Haitian Artists Demand President’s Resignation in Mass Protest

Thousands of Haitians took to the streets of Port-au-Prince as part of the continued protests demanding the resignation of President Jovenel Moïse.

The demonstrations, organized by about a dozen artists on October 13, were peaceful, with Catholic and Protestant churches, civil society groups, and others calling for Moïse to step down as president. Protestors have demanded that Moïse step down since February when it was revealed his administration did not investigate the allegations against various political officials who embezzled from the Venezuelan energy program PetroCaribe, the Associated Press (AP) previously reported.

One demonstration started at the Champs de Mars near the presidential palace, while another waited along Airport Road, according to the Miami Herald. The two groups eventually merged, chanting things like “Down with Jovenel.” Some of the country’s most popular musicians led the crowd in chants calling for Moïse to “get out.” The demonstrations lasted over seven hours, and although it was peaceful, one person was reportedly injured when protestors threw rocks at the police station in Petionville, the publication reported.

Since the protests began, the impact of the civil unrest has spread throughout the nation. Earlier this month, United Nations (UN) spokesperson Stephanie Dujarric told the AP there have been “fuel shortages, lack of safe water, and other essentials” in the country.

She also noted that an estimated two million students do not have access to education because of school closures. Earlier demonstrations included burning tires and barricades, which kept schools and businesses in the country from opening their doors, according to the Miami Herald. This is the country’s fifth week of being in a state of lockdown, and more demonstrations are expected in the coming days.

The political crisis has cost the lives of 20 people. On October 11, protestors clashed with police in Port-au-Prince after journalist Néhémie Joseph, a reporter with Radio Méga, was found shot dead in his car. Joseph had previously covered the anti-government protests in the country, The Guardian reported.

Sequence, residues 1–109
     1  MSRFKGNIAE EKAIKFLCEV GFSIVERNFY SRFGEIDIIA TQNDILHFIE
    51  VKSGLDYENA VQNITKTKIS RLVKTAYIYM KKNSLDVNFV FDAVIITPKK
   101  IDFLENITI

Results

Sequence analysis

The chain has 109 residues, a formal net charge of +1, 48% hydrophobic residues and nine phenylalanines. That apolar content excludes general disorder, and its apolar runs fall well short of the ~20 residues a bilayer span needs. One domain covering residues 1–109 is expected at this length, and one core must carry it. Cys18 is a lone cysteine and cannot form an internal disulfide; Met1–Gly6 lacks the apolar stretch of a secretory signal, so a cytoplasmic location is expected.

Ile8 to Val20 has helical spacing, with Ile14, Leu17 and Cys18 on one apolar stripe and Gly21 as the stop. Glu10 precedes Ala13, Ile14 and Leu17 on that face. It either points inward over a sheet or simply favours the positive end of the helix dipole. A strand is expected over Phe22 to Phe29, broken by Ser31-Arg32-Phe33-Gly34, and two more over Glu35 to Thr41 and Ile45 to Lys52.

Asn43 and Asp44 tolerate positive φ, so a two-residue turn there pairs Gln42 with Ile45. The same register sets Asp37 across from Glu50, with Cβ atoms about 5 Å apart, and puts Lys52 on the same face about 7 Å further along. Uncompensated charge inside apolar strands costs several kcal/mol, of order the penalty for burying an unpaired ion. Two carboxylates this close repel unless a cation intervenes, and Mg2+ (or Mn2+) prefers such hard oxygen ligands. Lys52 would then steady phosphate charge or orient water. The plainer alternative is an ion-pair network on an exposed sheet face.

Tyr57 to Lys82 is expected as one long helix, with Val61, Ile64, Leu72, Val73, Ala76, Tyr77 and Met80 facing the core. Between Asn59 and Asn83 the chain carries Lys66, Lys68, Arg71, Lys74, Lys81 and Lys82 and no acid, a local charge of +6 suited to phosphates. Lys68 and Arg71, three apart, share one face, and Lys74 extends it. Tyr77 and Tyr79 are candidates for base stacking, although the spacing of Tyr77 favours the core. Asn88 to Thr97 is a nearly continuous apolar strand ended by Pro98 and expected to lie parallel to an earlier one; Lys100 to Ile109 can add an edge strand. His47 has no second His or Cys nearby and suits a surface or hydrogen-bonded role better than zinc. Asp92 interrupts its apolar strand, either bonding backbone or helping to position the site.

The journalist had reportedly received death threats on social media, according to a statement by the Association of Haitian Journalists. In a Facebook post last month, Joseph, who had been covering the protests, wrote that two politicians had accused him of starting protests and then threatened to kill him over his reporting, according to The Guardian. It remains unclear whether this was a factor in the killing.

"Officials should be taking swift action to ensure journalists' safety and to investigate threats like those against Néhémie Joseph. What should have been an investigation into threats is now an investigation into murder," said Natalie Southwick, Committee to Protect Journalists (CPJ) South and Central America Program Coordinator in New York, in a statement.

"How many more Haitian journalists must be shot before authorities recognize the grave threat to press freedom?"

There have been no arrests in the death of the reporter, The Guardian reported. He is the third Haitian journalist killed in less than two years, according to the publication.

Another journalist was injured last month when he was shot and injured by a Haitian senator who opened fire outside of Haiti’s parliament as he tried to get through a crowd of protestors. Chery Dieu-Nalio, an Associated Press photojournalist, was shot in the face by senator Jean Marie Ralph Féthière, who drew his handgun on the crowd. Patrice Dumont, another senator, told the publication that Féthière warned the crowd he would fire his gun if they did not allow him to leave.

Féthière had said he did not know he shot a reporter, even though Dieu-Nalio was wearing a helmet and a flak vest with the word “Press” on it.

Moïse has limited his addresses to the nation since protests began eight months ago for him to step down from his presidency. In February, the president said he would not resign.

“I will not leave the country in the hands of armed gangs and drug traffickers,” he said in a speech in February. “I will never betray you.”

About the Author

Maria Perez is a breaking news writer for The North Star. She has an M.A. in Urban Reporting from the CUNY Graduate School of Journalism. She has been published in various venues, including Newsweek, Juvenile Justice Information Exchange, City Limits, and local newspapers like The Wave and The Home Reporter.